WILLIAMSTOWN — More than 1,200 applicants were accepted to attend Williams College as part of the Class of 2023, a slight increase from last year.
Most students received their acceptances Monday and have until May 1 to decide whether to enroll. Over 9,700 students applied, and only 1,205 were accepted. Of those, about 550 are expected to enroll for the fall semester.
About 92 percent of accepted applicants who provided high school rank are expected to graduate in the top 10 percent of their high school graduation class, according to figures supplied by school officials.
The accepted students represent 893 high schools, and their average scores on the SAT are 733 in evidence-based reading and writing and 749 in math. Their average super-scored ACT is 33.
They include visual and performing artists, athletes, student government representatives, entrepreneurs, volunteers, community leaders and activists.
"We are thrilled to invite this incredibly talented group of students to Williams in the fall," said Sulgi Lim, director of admission. "We know they will enrich our community — both in the classroom and beyond — with their talents, interests and perspectives."
Of those admitted, 134 are international students, representing 52 different nationalities. Of the American students, 58 percent identify as students of color, 37 percent identify as white and 5 percent opted not to identify. Twenty percent are first-generation college students, and 7 percent have a parent who attended Williams.
Genders represented are diverse as well: a total of 515 identify as men, 597 as women, three identify as trans or transgender, four as nonbinary, and six as another identity. Eighty did not respond to an optional question about gender identity.
Of those American students accepted, 29 percent are from the Mid-Atlantic; 22 percent from the West; 17 percent from the Northeast; 14 percent from the South; 10 percent from the Midwest; and 7 percent from the Southwest. Four students come from Puerto Rico, and 14 percent are currently living overseas.
A nationwide admissions/bribery scandal, which is still reverberating around the higher education community, hasn't escaped the notice of the Williams College admissions office.
"Williams devotes a lot of attention to the integrity of our admission process," Lim said. "Like schools around the country, we're constantly reviewing this work to make sure it's fair and consistent. The recent headlines are a useful reminder of why the extra effort is worthwhile."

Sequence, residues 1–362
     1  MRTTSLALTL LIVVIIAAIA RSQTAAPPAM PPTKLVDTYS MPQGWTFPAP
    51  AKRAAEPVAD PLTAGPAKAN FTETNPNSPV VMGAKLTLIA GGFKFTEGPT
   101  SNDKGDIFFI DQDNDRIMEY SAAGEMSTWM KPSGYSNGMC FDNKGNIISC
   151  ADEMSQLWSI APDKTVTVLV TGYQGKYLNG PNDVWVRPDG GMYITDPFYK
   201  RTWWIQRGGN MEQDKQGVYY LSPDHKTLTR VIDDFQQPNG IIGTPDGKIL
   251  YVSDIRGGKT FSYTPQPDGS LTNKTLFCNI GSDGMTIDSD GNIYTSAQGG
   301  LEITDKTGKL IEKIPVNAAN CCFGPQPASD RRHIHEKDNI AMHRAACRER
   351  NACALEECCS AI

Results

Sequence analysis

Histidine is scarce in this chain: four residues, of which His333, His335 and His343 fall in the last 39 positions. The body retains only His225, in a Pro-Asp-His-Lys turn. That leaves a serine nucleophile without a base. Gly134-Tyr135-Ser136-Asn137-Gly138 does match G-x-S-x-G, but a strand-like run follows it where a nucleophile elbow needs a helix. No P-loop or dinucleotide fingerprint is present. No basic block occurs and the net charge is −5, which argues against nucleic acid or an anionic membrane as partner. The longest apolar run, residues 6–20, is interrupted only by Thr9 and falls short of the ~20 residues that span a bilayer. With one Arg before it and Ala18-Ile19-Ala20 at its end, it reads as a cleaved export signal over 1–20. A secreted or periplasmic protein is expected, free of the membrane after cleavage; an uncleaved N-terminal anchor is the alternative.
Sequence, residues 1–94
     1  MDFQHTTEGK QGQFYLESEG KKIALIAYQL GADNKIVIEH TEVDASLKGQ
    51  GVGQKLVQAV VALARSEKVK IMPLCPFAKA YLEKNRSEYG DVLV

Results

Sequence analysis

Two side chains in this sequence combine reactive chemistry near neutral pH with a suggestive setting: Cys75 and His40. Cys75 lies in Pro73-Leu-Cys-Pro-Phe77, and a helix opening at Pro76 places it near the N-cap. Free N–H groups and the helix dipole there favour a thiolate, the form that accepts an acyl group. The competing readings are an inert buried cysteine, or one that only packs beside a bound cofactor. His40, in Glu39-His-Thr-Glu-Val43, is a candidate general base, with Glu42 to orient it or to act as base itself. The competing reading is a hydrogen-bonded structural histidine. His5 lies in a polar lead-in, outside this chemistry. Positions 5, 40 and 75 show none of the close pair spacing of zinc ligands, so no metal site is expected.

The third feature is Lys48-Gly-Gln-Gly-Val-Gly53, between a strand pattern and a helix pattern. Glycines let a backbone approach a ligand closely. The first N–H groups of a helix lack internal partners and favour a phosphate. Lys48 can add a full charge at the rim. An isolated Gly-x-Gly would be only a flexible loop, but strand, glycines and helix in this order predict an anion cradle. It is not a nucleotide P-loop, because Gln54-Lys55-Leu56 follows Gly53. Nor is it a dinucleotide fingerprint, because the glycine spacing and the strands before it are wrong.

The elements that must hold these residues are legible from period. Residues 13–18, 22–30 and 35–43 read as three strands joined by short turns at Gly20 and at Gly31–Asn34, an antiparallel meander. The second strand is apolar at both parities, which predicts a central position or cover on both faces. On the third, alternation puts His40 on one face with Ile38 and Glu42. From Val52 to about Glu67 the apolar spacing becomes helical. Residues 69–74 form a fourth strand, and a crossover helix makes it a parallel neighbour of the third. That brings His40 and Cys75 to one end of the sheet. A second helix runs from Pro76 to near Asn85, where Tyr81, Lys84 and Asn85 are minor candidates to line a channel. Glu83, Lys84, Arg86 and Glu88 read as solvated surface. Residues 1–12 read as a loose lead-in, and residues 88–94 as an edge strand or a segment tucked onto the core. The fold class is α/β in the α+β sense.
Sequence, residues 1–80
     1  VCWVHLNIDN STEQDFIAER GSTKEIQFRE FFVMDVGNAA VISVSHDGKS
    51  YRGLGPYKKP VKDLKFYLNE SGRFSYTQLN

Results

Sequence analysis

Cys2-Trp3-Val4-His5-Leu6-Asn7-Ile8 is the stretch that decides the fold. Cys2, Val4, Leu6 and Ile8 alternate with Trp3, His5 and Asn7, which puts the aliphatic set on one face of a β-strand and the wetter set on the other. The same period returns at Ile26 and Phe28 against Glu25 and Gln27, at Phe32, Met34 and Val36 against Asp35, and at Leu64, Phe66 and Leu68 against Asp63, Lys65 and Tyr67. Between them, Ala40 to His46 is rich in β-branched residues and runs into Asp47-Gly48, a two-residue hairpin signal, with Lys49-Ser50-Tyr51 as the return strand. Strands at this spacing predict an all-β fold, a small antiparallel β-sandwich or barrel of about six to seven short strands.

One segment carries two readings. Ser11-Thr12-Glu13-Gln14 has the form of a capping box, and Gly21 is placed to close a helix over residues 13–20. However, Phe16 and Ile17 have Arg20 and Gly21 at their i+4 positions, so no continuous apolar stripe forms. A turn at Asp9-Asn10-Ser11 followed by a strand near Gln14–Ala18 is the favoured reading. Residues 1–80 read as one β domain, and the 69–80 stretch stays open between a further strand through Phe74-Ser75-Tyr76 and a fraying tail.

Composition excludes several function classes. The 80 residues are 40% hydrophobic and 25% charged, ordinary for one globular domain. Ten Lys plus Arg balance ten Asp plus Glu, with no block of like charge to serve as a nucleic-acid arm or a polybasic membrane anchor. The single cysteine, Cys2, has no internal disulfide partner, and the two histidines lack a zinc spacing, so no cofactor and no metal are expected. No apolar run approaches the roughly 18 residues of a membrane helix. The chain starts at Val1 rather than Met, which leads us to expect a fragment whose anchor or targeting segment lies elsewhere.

Among those admitted to the Class of 2023, nearly 30 percent are affiliated with a community-based organization focused on college access. Of that group, 254 students are affiliated with QuestBridge, an organization with which Williams has partnered since 2004 to identify high-achieving, low-income high school students.
Additionally, 139 students admitted to the Class of 2023 participated in Windows on Williams, a selective, college-sponsored program that provides high school students from low-income backgrounds the opportunity to visit campus during the fall of their senior year.
Admission figures show that 67 percent of students accepted to attend Williams College in the fall applied for financial aid. Admission decisions are made without considering the U.S. students' financial needs, and the college provides grants and other assistance to meet 100 percent of the demonstrated financial need of every student. Williams students graduate with debt levels that are among the lowest in the country, according to college officials.
The target size for the Class of 2023 is 550 students, as it was last year. For the class of 2022, there were 9,559 applicants, and 1,163 were accepted.
All accepted students are invited to attend the Williams Previews program on April 17 to 18 to explore the college and meet many of their future classmates.
Scott Stafford can be reached at firstname.lastname@example.org or 413-629-4517.